By Joanna SorockiWITI (Women in Technology International) event co-sponsored by Northwestern Mutual.
During an outsourcing or any company change, there is a critical transition period during which employees need to be informed. When it is clear to employees what they need to do to benefit the company and to ease transitions, they are usually more than willing to help. One example, was a simple inventory program that the company wanted all employees to run on their computers which would take approximately 12 seconds. The first time the program was sent they received a 2%compliance rate. Employees said they were afraid of what running the program would do to their files. On the second attempt, the employees were sent the same program this time with a clear subject heading indicating why they needed to run the program and announcing that it would not harm any files. The new message produced a dramatic increase in employee compliance.
Smith offered several helpful hints on effective communications. As mentioned before, adding a clear subject heading indicating purpose and results of a change will encourage employee backing. Also, eliminating “techno-babble” keeps messages concise and coherent. Managers and employees from all departments need to receive the same information.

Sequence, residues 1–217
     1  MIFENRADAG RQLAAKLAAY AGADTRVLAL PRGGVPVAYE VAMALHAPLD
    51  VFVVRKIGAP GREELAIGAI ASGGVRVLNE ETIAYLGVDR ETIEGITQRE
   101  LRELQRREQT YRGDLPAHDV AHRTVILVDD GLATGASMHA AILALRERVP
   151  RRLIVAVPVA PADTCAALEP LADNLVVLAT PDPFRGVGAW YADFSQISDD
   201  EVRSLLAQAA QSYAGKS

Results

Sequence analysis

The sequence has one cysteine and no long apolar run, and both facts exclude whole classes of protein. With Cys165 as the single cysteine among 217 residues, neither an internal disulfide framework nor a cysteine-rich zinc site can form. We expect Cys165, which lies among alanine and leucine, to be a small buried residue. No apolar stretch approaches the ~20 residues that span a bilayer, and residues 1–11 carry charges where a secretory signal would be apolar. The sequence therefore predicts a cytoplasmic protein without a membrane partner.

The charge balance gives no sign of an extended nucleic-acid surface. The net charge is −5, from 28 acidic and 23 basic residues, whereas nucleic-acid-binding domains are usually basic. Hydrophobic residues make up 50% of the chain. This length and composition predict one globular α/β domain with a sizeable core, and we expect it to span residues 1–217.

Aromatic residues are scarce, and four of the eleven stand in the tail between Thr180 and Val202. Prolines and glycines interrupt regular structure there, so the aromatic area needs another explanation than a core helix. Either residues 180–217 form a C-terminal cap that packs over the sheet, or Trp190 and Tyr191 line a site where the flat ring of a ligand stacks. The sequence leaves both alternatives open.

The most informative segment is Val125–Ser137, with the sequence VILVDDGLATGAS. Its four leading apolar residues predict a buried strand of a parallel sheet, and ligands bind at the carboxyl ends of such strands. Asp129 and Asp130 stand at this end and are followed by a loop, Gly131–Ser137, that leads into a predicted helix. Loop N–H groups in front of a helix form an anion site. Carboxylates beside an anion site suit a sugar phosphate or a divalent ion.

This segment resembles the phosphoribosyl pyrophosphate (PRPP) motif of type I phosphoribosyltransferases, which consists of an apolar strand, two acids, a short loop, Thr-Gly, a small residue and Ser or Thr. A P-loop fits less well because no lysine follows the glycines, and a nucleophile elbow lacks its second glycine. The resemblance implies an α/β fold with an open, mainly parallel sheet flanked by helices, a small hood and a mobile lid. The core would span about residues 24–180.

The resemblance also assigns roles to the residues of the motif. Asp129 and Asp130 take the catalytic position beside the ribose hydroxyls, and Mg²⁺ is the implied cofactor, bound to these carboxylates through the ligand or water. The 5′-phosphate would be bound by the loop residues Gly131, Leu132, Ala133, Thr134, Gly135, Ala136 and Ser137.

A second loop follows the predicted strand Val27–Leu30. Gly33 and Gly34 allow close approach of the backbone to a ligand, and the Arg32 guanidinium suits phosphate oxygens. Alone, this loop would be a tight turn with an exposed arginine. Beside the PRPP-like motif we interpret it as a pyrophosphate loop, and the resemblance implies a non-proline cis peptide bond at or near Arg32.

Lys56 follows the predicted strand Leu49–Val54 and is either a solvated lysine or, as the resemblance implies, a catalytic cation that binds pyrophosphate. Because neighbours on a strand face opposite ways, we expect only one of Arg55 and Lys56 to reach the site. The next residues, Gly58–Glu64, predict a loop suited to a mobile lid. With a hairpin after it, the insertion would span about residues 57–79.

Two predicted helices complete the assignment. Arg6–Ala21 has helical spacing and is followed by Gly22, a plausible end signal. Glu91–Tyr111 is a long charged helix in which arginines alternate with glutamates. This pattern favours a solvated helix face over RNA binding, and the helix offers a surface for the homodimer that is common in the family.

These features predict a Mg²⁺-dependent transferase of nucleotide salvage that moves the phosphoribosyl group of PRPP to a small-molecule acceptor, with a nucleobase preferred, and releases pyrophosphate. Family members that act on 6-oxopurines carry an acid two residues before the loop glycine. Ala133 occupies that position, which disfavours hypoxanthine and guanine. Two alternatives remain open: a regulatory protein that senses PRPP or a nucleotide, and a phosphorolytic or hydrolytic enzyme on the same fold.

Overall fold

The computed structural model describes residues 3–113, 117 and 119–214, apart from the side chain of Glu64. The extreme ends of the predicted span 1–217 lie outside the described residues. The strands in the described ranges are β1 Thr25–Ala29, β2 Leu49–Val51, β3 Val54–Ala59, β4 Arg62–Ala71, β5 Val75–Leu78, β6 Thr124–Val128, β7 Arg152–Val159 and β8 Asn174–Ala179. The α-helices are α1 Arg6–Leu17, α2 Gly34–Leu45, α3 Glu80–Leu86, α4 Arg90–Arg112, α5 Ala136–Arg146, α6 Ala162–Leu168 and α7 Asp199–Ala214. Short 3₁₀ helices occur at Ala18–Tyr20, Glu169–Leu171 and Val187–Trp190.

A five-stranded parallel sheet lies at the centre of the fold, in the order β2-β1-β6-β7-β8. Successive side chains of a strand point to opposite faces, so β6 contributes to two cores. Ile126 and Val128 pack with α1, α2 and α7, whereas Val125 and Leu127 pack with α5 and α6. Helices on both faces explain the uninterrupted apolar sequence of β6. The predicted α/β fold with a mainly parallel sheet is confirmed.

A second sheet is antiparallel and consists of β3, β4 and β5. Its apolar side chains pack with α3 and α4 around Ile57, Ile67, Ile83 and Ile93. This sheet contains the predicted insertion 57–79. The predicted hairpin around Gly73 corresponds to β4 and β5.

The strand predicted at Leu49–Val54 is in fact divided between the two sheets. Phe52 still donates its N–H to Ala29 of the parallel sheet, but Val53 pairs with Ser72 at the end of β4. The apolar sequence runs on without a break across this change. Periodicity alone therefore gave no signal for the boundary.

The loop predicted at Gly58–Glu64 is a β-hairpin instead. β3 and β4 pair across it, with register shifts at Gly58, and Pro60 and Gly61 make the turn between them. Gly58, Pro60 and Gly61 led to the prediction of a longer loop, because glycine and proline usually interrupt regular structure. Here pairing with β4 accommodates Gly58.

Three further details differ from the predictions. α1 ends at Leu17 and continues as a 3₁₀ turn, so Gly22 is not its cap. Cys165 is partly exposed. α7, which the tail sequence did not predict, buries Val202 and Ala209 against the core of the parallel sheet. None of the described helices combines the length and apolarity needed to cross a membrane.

Transitioning can be a difficult time, especially if employees and managers are unaware of “what comes next.” Some ways to prevent confusion include reminding everyone that they are responsible for the company image and reputation allowing each employee to feel a duty to know what is happening. Also, all important messages should come from managers who need to be included as valuable members of the transition teams.
Being proactive means warning managers, employees and clients about changes in a timely and accurate manner.
Smith also explained the “myth of communication.” People disseminate ideas as quickly as possible to as many people as possible, hoping to get results but usually resulting in confusion. In order to effectively communicate, ideas must be filtered through a focused process, which involves associating the idea as part of a sound business strategy, developing expected outcomes, creating specific content, processing and channeling the idea and eventually evaluating its outcomes.
By improving communications during a transition period or just in general, companies can become more productive and build a solid reputation. Clients, employees and managers will all be satisfied because they will know the role they play and how it benefits the companies directly.